Friday, February 24, 2012

AK Ilen Restoration part four: Education and the Future

LIMERICK: The Ilen mainmast at the AK Ilen Wooden Boatbuilding School

LIMERICK: An ILEN School Instructor beside an old Kenmare Punt - thelines of this beautiful boat are being recorded so that new punt can be built at some point in the future

SKIBBEREEN: Work continues on the ILEN - here an ILEN Boatyard Shipwright is creating a template in marine play so that the precise shape can be transferred to a block of hardwood

LIMERICK: An ILEN School Instructor moves rapidly ahead with the construction of a traditional Clare Curach - when all the laths are in place, he will turn the boat over and fit the frame to the gunwhale

SKIBBEREEN: ILEN Shipwrights take a welcome winter break and,in seasonal mood, share a meal in the weeks before Christmas 2011

LIMERICK 2: A trainee ILEN School Instructor plans his next project - great planks of Douglas Fir lie ready behind him for work on the spars and masts of the ILEN

SKIBBEREEN: A Shipwright works inside the timbers of the ILEN's hull - his technical skill and expertise are balanced by the beauty of the form around him

SKIBBEREEN: A Shipwright works on the foot of the ILEN's stem - the early morning light, streaming through the open window, illuminates perfectly what man can do with natural wood

LIMERICK: A young participant in the LIMERICK School absorbed in shaping the end of a lath to fit to the Curach behind him

SKIBBEREEN 6: Shipwrights preparing to fit stanchions on the ILEN's starboard side forward

SKIBBEREEN: A senior ILEN Shipwright giving instructions on how to make a template for a lodging knee

LIMERICK: Seen through a scuttle (a porthole), an ILEN School Instructor checks the internal dimensions of the ILEN's main deckhouse

All photos courtesy the AK Ilen Company

The story of the restoration of the Ilen is not just a story about saving one boat. The Ilen is at the center of the genesis of the AK Ilen Company, but the 'Maritime Adventure' is a living, growing entity, primarily involved in education but also looking broadly ahead to the future with involvement in the marine component of the EU integrated strategy for the Atlantic area. This last will explore the viability of wooden sail powered vessels as a piece of the European coastal economy... more on this later.

The AK Ilen Co. is currently engaged in three major forays.

The Big Boat BuildWorkshops in Baltimore, Cork, see my previous post for an explanation and testimonial.

The AK Ilen Wooden Boat Building School in Limerick. Dr. Martin Kay, a principle of the Co. explained to me how the school works:
"We don't offer programmes, we offer space in which to start the learning adventure. What people do in (the school) is up to them. We help them take stock: we accredit past experience and design pathways forward from vocational to academic achievement. It means that someone who has not succeeded with conventional education can come to us and say "Well I did manage to do that and I found this really interesting." Sometimes people come to us under police guard. Wherever they find themselves is where we start. And we find that their re-engagement in learning is transformational."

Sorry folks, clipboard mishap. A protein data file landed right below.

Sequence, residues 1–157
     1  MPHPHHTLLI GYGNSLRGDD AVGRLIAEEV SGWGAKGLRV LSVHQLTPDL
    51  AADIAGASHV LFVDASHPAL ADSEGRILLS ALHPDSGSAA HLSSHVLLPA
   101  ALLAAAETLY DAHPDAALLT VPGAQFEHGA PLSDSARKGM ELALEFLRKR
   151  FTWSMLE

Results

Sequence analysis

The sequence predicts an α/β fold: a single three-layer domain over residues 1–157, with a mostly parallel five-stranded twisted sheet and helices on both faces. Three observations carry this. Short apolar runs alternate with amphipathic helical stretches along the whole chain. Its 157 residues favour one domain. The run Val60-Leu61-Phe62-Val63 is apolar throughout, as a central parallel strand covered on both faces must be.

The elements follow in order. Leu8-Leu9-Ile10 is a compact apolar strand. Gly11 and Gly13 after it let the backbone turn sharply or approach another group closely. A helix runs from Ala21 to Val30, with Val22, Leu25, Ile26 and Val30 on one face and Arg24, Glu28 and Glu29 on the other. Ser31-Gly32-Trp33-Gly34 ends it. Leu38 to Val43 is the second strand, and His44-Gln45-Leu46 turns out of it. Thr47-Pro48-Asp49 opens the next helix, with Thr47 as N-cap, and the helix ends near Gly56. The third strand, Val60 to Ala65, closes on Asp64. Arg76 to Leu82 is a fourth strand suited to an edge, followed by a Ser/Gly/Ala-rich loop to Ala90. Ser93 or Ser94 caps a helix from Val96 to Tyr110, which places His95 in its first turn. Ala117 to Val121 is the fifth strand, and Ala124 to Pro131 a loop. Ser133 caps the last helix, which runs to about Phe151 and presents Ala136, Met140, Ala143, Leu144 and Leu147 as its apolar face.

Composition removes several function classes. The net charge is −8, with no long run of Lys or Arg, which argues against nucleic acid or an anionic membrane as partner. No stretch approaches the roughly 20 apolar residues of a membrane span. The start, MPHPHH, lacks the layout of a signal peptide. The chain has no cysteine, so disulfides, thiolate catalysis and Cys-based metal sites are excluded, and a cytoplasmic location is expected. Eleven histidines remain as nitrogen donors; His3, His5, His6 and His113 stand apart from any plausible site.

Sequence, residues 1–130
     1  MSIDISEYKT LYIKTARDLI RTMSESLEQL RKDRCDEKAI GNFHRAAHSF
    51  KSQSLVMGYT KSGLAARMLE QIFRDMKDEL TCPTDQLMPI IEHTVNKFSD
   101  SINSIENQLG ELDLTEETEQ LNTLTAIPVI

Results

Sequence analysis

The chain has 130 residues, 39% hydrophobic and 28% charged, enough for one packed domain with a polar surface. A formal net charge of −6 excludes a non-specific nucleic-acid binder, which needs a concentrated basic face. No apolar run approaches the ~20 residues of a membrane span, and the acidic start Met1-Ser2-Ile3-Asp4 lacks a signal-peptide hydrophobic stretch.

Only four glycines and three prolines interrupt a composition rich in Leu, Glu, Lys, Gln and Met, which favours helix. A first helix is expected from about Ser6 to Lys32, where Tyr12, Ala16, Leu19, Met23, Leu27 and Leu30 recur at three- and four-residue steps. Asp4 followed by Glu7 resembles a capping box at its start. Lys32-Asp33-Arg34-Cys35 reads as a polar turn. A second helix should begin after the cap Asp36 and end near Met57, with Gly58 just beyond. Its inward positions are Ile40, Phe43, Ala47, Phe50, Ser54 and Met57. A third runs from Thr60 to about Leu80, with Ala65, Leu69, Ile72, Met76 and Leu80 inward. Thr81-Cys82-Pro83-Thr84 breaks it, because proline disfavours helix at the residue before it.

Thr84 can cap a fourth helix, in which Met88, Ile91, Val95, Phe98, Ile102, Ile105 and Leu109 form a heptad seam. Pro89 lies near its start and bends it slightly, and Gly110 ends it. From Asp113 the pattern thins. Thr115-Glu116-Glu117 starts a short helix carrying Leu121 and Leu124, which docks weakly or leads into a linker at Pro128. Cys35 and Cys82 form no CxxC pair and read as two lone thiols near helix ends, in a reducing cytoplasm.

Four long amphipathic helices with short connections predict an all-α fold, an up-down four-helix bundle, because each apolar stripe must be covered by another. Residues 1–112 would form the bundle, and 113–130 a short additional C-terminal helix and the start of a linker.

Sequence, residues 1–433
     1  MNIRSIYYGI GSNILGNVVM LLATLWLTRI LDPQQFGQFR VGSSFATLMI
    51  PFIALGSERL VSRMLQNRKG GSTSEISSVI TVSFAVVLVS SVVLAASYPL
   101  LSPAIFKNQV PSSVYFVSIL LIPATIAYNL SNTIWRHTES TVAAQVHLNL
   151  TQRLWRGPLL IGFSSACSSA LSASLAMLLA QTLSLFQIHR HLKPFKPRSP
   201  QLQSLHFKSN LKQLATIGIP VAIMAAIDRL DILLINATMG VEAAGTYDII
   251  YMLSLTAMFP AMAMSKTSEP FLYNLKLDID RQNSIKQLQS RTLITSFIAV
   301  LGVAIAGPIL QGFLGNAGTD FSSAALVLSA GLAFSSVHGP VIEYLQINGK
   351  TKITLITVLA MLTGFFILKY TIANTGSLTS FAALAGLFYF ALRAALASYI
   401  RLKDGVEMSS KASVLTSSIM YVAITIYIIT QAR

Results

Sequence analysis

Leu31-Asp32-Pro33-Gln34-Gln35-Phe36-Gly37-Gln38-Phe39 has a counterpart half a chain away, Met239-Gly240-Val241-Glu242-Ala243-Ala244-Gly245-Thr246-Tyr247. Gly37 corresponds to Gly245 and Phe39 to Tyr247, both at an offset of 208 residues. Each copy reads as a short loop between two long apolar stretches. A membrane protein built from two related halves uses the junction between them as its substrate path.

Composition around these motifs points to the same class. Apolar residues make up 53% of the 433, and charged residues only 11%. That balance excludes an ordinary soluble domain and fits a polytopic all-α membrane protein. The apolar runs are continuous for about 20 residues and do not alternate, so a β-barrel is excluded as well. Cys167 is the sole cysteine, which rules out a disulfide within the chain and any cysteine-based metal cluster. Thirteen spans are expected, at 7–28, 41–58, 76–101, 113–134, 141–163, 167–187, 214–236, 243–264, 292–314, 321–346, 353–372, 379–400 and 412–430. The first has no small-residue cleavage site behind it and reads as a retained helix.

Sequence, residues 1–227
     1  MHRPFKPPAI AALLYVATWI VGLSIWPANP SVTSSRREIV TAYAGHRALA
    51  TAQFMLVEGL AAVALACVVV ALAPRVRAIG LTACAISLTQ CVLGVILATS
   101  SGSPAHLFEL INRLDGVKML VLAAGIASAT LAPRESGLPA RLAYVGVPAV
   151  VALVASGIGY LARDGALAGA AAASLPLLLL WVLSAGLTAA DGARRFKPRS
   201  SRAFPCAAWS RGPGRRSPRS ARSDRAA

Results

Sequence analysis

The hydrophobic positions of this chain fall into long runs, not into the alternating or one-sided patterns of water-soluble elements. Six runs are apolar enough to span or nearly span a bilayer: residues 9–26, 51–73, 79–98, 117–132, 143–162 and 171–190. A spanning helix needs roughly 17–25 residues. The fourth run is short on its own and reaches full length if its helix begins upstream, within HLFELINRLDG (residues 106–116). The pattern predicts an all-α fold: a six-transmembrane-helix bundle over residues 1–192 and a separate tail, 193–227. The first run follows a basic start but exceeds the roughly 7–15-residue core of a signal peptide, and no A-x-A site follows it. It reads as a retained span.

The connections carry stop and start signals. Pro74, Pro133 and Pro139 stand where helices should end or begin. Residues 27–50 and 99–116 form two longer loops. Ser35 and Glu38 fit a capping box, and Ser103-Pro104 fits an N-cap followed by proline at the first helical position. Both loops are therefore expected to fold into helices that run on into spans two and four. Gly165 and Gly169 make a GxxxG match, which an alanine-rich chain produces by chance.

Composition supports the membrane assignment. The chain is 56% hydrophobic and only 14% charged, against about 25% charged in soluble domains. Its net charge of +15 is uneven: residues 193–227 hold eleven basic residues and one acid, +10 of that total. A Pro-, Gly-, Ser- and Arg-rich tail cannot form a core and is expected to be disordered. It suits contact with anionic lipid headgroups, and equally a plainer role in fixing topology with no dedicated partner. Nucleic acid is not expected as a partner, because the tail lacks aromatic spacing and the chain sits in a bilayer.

And there's a new project on the Aran Island of Inisheer aimed at developing the islanders understanding of their traditional curach and how to build them efficiently. This program will begin in about two months and eventually morph into a local boat building center.

Additionally, last summer the Co. formed a boatbuilding partnership with the Northwest Schoolof Wooden Boat Building. This is essentially an exhange program for instructors. Tim Lee,an instructor at the School was over last summer and will be coming again this year.

Quite recently the Company decided to go into the mobile-classroom-and-workshop business which will work across Munster (initially across Cork, Kerry and Limerick but we shall extend it in time to Waterford, Clare and Tipperary).

I asked Gary MacMahon, Director of the Co. about the formation and function of the Company and he replied on a couple of levels:

"The 'Company' was incorporated so that we could (be) associated at a corporate organizational level within Ireland. At it's most irreducible we follow an educational mission for the purpose of - enquiry and creativity. By way of clearer elaboration: (from a talk given by Gary on the occasion of the opening of the Boat Building School's new facility in Limerick last June).

On this educational floor where we build wooden boats we witness the transformative effect of working with timber. This tangible, creative and awakening education of the heart, gives vitality to all who partake, and enables them to address other aspects of life with energy and confidence.